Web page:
Asked to comment on the National Aquarium's ongoing debate about the proper treatment of its dolphins, Mayor Stephanie Rawlings Blake said that "its success is one of many elements Baltimore has that supports my goal of growing the city by 10,000 families, because to grow a city you have to attract new residents and give those already here more reasons to stay" ("National Aquarium's dolphin question at center of animal welfare debate," May 18).
I couldn't agree more, and recently a friend of mine brought up what I consider to be a pretty good idea. In an effort to support her goals for growth, the mayor (and future candidates for mayor) should consider devising a program by which Baltimore City residents receive discounted ticket prices at city attractions.
City residents should receive half-priced entry at the aquarium, Port Discovery and the Science Center. Besides just being fair (as city residents we already help to fund these attractions through voter-approved bond issues) this would have several other benefits.
First, discounted tickets would give low-income city residents greater access to high-quality educational venues. Additionally, those most likely to make multiple visits would be even more likely to do so and therefore much of the cost of offering discounted tickets could made up by the increased number of visits.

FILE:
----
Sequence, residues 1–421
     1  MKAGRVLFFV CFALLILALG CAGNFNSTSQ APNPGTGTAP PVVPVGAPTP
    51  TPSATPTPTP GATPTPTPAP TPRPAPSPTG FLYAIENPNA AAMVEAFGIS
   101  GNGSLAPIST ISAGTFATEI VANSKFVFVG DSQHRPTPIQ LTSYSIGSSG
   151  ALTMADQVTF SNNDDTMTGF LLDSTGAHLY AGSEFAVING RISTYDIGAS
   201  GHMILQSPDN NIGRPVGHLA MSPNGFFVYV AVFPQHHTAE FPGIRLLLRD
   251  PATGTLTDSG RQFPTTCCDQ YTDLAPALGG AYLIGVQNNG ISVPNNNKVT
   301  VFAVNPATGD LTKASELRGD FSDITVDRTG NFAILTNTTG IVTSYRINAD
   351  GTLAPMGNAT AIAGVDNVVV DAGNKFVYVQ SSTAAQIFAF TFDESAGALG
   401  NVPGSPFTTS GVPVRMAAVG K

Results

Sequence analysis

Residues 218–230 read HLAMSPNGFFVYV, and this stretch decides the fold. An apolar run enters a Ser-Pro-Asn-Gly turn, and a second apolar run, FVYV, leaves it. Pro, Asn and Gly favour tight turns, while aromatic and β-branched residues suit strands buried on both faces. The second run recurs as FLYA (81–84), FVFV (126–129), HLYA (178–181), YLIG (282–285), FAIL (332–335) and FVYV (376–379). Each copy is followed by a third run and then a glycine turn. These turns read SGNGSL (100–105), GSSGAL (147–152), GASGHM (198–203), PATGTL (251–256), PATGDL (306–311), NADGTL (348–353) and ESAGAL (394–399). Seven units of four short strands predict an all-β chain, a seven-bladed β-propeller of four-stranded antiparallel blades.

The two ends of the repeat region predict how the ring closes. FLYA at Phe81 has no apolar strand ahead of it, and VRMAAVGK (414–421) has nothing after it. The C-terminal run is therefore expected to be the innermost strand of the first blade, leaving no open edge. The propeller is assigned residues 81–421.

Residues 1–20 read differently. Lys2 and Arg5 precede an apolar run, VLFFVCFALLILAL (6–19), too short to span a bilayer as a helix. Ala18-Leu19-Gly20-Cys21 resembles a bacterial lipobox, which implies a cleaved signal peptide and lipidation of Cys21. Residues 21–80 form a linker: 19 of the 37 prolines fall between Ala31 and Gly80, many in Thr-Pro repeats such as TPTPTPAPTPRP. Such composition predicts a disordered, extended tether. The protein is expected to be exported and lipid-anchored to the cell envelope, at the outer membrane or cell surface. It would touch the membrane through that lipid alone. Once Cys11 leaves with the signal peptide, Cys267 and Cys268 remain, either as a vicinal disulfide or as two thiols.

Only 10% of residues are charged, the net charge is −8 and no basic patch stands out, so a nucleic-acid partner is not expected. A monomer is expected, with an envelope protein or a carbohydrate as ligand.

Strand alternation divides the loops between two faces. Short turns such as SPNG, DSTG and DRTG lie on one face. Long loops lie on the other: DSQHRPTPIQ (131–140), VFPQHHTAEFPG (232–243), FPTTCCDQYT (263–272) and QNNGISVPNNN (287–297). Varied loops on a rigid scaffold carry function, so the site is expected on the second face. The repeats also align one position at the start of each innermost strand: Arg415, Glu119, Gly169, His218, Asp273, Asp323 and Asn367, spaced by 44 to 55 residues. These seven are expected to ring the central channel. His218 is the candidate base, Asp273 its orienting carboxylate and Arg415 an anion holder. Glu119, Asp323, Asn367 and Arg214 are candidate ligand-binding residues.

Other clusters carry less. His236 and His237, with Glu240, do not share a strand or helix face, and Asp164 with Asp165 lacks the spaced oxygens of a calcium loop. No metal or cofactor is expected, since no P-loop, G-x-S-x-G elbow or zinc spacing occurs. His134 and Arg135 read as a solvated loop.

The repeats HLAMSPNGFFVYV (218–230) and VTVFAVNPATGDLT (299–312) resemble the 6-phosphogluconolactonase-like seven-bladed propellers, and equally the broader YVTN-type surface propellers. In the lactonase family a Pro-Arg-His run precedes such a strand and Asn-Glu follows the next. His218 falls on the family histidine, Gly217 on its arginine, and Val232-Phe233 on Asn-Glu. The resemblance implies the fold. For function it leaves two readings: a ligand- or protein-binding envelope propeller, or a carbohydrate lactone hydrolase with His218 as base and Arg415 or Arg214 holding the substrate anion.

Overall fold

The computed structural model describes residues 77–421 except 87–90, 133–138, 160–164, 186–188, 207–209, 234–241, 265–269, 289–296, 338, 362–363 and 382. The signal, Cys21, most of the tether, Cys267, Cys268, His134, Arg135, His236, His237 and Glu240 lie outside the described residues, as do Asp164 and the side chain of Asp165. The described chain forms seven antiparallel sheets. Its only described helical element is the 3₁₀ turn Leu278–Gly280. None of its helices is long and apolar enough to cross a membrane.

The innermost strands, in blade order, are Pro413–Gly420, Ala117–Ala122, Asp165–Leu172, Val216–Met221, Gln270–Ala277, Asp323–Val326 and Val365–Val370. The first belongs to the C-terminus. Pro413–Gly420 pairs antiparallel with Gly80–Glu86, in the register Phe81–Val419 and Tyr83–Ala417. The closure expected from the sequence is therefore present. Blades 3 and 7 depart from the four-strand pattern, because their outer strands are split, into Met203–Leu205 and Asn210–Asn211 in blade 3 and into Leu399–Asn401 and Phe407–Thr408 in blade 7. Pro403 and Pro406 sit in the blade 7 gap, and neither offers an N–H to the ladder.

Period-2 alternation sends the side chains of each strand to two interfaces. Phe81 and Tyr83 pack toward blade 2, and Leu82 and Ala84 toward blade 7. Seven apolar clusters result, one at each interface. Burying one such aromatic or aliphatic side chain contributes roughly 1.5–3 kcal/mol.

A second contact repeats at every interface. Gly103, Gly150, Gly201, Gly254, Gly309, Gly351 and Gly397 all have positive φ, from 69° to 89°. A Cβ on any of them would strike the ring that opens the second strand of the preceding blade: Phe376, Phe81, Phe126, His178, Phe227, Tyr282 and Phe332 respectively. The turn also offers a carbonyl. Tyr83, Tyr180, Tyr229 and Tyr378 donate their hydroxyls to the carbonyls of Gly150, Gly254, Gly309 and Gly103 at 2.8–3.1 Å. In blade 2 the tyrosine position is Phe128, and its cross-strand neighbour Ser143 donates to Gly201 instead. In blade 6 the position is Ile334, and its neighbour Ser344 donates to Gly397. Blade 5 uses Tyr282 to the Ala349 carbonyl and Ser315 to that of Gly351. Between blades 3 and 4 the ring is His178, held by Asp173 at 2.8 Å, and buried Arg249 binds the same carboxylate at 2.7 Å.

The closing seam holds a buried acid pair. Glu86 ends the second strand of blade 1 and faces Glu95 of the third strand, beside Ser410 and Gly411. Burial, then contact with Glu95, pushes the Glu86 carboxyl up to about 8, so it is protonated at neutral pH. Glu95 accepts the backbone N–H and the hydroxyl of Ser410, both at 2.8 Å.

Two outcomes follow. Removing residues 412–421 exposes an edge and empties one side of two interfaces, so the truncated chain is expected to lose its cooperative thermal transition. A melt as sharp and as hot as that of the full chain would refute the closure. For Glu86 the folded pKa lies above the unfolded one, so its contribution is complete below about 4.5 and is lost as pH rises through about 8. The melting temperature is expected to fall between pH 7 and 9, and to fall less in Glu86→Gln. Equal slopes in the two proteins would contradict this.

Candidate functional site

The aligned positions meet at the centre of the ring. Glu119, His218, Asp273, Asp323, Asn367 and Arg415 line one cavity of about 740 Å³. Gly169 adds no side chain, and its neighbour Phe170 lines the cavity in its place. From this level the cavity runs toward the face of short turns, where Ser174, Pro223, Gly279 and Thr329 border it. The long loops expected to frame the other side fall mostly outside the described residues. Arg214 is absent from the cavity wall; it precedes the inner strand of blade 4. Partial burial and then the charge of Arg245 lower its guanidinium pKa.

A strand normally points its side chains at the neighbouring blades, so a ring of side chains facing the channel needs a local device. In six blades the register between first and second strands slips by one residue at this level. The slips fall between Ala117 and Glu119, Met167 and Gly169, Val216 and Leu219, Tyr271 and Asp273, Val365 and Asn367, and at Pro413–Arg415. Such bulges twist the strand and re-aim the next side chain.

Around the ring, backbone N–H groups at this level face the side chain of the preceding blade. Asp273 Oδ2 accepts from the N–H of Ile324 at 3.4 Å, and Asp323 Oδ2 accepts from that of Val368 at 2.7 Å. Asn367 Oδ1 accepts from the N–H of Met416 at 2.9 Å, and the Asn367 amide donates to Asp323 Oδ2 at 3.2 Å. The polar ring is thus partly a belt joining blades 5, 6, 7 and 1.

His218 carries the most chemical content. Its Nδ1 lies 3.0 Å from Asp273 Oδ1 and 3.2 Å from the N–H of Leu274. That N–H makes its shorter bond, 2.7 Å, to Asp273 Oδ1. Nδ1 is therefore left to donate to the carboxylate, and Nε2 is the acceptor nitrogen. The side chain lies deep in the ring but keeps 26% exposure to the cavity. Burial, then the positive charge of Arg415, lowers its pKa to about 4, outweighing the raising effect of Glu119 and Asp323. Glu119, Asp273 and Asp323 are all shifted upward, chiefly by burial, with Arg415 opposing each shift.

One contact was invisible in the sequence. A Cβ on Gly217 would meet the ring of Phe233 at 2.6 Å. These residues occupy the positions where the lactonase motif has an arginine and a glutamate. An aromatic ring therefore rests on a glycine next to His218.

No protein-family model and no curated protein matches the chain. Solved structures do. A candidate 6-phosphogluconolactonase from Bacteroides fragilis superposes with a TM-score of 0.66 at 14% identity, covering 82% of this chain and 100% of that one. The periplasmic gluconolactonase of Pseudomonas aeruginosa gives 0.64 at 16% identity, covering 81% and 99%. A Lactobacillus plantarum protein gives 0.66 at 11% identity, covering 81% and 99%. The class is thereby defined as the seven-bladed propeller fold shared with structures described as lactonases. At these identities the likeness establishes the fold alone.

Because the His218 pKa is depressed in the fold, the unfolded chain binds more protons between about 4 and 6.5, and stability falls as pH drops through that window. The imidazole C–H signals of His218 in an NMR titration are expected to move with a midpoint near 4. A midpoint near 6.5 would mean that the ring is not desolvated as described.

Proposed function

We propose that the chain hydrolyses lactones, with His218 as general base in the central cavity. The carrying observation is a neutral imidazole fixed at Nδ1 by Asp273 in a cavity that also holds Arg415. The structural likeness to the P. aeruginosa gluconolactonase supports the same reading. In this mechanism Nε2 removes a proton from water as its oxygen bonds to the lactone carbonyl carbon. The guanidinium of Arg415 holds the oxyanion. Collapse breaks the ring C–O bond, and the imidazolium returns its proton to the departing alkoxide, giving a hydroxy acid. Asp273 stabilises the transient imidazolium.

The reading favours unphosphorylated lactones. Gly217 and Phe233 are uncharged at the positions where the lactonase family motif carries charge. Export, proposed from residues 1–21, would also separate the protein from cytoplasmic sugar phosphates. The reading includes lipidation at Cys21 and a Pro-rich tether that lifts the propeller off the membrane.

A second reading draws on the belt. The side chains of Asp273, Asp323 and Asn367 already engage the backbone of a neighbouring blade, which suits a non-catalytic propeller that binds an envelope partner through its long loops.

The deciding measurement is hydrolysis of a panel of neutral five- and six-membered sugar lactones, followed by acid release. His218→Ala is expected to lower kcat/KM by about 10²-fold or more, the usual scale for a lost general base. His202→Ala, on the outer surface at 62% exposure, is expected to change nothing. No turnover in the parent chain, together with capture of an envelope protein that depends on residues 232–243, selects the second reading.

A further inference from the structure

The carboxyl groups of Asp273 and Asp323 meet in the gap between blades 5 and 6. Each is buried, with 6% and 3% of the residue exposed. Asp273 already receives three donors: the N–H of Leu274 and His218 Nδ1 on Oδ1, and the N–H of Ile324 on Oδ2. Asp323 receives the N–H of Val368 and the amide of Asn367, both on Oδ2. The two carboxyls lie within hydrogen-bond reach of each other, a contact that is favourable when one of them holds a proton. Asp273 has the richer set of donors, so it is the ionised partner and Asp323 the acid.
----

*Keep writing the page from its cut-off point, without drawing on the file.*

Finally, and most importantly, many choose the Baltimore area as a place to live specifically because of access to our wonderful museums and attractions. Discounted admission to those attractions would make newcomers more likely to settle in the city rather than in surrounding areas. This would certainly help the city attract new residents and retain those already here.
Mike Jacobson, Baltimore
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